Matzo Balls are Ashkenazi Jewish dumplings made from matzo meal, eggs, fat, water or broth, and salt. They are typically served in homemade chicken soup and a traditional Passover dish. I usually add some minced parsley to give the matzo balls some color, but forgot this time!
If you’d rather add noodles or rice to your chicken soup, they’d also be delicious!!!
Health Benefits of Chicken Soup
Have you ever wondered why chicken soup is constantly recommended when you’re feeling under the weather? Or why chicken soup is often referred to as Jewish Penicillin? Well, there are a few reasons why a good, homemade (or even canned) chicken soup can relieve your upper respiratory infection symptoms. There are quite a few health benefits!
- Fluids help reduce congestion, though this is not limited to chicken soup.
- The steam of a hot liquid can also help soothe the throat and open the nasal passages.
- A 2000 study by The American College of Chest Physicians showed that chicken soup can help reduce upper respiratory inflammation, although it does not kill the viruses causing the illness. It actually inhibits the movement of white cells to the inflamed areas, which helps prevent further congestion.
- A Huffington Post article sites the TLC factor, like when someone cares enough to provide comfort through a bowl of soup, it can actually help you feel better. It’s not the same as the placebo effect.
- Often referred to as “Jewish” penicillin, as chicken soup is a traditional food in Ashkenazi Jewish culture and part of the Passover meal.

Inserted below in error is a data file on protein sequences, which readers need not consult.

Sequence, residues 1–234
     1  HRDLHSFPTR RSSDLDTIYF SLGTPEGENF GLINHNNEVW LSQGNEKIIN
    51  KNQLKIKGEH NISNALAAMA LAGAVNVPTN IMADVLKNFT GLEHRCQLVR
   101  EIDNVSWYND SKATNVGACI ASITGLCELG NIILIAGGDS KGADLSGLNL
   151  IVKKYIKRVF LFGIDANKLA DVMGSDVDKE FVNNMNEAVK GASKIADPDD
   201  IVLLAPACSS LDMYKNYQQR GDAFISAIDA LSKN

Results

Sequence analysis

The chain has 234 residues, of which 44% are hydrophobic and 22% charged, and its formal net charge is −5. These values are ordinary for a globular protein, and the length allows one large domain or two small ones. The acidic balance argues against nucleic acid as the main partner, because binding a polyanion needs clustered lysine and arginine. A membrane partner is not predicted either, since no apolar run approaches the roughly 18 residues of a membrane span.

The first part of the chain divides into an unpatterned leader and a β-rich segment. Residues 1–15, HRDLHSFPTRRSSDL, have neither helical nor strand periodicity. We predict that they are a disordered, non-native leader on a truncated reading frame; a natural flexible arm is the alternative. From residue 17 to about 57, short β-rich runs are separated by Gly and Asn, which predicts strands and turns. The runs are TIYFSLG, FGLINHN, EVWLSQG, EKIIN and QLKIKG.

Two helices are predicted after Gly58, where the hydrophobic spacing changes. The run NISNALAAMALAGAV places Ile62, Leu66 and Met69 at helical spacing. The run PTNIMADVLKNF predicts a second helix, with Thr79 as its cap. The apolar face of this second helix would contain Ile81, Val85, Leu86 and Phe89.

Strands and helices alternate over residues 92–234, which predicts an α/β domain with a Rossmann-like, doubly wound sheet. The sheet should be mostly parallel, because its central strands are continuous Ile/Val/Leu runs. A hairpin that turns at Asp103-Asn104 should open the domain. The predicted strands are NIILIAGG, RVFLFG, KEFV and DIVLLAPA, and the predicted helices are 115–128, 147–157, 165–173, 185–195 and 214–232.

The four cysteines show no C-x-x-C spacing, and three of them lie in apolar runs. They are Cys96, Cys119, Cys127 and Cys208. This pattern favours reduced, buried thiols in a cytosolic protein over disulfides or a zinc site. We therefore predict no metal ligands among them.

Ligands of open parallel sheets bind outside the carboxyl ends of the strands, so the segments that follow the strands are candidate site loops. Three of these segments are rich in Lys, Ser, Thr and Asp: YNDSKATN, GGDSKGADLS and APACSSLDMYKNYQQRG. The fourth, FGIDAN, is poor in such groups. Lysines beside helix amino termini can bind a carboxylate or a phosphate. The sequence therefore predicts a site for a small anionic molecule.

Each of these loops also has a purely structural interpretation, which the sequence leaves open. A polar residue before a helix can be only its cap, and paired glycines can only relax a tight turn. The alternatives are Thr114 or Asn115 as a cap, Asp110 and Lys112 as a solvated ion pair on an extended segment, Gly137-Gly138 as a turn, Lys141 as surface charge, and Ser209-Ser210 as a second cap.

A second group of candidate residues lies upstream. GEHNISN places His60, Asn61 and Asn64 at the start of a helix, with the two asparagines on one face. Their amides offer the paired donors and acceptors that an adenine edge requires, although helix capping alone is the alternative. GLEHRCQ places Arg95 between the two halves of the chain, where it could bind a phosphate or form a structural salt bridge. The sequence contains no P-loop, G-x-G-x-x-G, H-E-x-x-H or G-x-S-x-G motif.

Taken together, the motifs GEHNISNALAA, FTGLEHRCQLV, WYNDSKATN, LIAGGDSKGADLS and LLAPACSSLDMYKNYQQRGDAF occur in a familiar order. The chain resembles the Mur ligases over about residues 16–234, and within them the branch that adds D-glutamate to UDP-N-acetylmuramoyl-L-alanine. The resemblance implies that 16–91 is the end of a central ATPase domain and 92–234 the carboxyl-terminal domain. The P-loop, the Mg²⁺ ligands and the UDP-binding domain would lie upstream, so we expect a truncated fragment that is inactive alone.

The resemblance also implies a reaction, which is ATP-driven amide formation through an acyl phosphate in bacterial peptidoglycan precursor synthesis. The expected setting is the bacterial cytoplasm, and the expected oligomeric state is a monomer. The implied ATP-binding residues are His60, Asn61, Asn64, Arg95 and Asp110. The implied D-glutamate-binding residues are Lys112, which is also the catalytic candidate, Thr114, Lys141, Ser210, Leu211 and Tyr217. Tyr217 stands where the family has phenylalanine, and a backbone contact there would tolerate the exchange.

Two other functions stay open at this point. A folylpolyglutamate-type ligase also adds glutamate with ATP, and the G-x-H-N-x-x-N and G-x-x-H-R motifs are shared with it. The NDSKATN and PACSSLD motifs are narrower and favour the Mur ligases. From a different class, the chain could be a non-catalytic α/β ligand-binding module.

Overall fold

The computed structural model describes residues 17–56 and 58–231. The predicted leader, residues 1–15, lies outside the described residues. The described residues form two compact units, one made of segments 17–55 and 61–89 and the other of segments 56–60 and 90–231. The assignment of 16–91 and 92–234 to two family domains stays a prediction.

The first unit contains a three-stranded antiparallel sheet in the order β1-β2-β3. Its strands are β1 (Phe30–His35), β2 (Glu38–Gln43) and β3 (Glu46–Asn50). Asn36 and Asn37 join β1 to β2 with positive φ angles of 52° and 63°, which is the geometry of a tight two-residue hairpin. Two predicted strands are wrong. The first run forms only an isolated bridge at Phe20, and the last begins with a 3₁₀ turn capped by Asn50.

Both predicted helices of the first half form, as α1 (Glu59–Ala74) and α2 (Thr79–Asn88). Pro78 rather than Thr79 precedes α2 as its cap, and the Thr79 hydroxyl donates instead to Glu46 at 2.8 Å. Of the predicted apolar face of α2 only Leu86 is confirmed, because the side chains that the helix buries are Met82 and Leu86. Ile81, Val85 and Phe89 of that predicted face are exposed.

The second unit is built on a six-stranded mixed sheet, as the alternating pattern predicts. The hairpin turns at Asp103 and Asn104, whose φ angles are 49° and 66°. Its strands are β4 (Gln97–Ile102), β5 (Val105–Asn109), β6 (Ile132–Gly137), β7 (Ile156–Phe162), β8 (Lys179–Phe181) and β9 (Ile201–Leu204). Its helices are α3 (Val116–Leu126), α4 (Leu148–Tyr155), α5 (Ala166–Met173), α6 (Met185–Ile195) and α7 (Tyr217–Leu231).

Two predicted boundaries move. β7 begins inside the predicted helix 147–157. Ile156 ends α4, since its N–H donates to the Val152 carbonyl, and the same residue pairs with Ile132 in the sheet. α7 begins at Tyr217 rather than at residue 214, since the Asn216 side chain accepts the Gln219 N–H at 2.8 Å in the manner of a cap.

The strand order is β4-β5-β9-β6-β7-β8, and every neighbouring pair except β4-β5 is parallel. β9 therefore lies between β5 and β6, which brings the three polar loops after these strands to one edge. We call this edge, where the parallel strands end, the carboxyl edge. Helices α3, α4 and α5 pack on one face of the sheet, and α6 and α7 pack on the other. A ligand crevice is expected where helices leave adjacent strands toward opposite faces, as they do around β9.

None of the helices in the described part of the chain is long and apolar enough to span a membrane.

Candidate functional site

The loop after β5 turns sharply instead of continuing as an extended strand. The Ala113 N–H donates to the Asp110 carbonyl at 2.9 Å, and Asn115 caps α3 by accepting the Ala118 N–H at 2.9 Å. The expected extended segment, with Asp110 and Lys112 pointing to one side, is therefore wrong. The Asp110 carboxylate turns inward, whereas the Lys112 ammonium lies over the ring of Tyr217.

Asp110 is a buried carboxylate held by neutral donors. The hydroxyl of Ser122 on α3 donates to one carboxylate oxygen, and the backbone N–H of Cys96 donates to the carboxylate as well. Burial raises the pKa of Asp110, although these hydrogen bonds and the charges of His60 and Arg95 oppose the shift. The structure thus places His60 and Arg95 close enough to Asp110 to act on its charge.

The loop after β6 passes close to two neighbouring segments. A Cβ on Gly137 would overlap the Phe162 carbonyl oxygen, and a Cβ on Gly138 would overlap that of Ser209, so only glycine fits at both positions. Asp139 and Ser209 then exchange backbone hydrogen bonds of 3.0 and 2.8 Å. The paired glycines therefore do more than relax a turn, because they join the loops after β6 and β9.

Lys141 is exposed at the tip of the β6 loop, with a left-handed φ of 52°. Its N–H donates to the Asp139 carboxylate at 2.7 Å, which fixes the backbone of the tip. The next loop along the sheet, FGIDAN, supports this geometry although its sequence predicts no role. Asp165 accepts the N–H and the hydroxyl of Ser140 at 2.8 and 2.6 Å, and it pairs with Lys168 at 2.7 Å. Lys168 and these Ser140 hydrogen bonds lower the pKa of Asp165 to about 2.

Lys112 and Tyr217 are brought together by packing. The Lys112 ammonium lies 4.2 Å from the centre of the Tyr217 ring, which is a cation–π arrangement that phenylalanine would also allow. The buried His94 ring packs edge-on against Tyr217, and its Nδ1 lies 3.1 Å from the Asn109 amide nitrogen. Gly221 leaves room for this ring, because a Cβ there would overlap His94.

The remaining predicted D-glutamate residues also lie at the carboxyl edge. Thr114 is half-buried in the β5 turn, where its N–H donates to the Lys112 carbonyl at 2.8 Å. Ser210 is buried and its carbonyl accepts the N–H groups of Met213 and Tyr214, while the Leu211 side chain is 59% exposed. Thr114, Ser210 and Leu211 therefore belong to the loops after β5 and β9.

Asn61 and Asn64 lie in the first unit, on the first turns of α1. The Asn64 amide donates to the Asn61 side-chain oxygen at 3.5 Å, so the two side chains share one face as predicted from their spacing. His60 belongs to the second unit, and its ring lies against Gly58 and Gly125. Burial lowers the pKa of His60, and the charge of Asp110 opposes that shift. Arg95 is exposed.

More Chicken Soups You’ll Love
I always have a stash of chicken in my freezer, and I appreciate how versatile it is. From this comforting Chicken Jambalaya Soup to this hearty White Chicken Chili, the flavor profiles are endless. I also adore this Chicken Wild Rice Soup and how about this Creamy Chicken Soup? This French Côte d’Azur Cure-All-Soup has loads of garlic and chicken broth and is touted to cure hangovers! it might also have similar powers as this Jewish chicken soup! This flavorful Verde Chicken Soup and Asian Chicken Soup also caught my eye! If you have a pressure cooker, this Instant Pot Chicken Stock is unbelievably good!
Plus check out all my Best Soup Recipes.
- 3-5 pound chicken (you can also use bone-in chicken parts)
- 2 large onions, peeled
- 5 stalks of celery, leaves included, cut in half
- 1 pound carrots, peeled, with ends removed
- 1 parsnip, peeled
- 1 or 2 small zucchini, each cut into 3-4 chunks
- 3 whole cloves of garlic, peeled
- 1 bunch of Italian parsley
- 1 bunch of dill
- Kosher salt to taste (start with a scant 1 tablespoon and taste after an hour or two, then re-season if necessary)
- Orzo or other small pasta or homemade matzoh balls
- Place chicken in a large pot. Add onions, celery, carrots, parsnip, zucchini, and garlic. Cover all ingredients with cold water...but not too much...just an inch over the veggies. Bring to boil, then reduce to simmer. Skim off any foam.
- Add salt. Lay parsley and dill atop the soup. Place lid on the pot, but leave it off slightly to allow steam to escape. Continue simmering for 3 more hours, skimming the foam from time to time.
- Remove chicken and veggies from the broth. Strain the broth through a sieve. Slice carrots and add to broth. Remove chicken meat from bones and tear into bite-sized pieces. Add back to the broth. Add cooked orzo or another pasta, matzoh balls or dumplings. Garnish with parsley to serve.
So that the pasta or matzo balls don't soak up all the chicken soup, cook them separately in salted water (or boxed broth), then add to the soup to serve.
Adapted from How to Cook a Wolf Blog
Amount Per Serving: Calories: 749Total Fat: 38gSaturated Fat: 11gTrans Fat: 0gUnsaturated Fat: 23gCholesterol: 266mgSodium: 333mgCarbohydrates: 27gFiber: 4gSugar: 6gProtein: 72g
Lambeau checking out this Homemade Chicken Soup in November 2010 when this recipe was first shared. Photos and text were updated in 2020.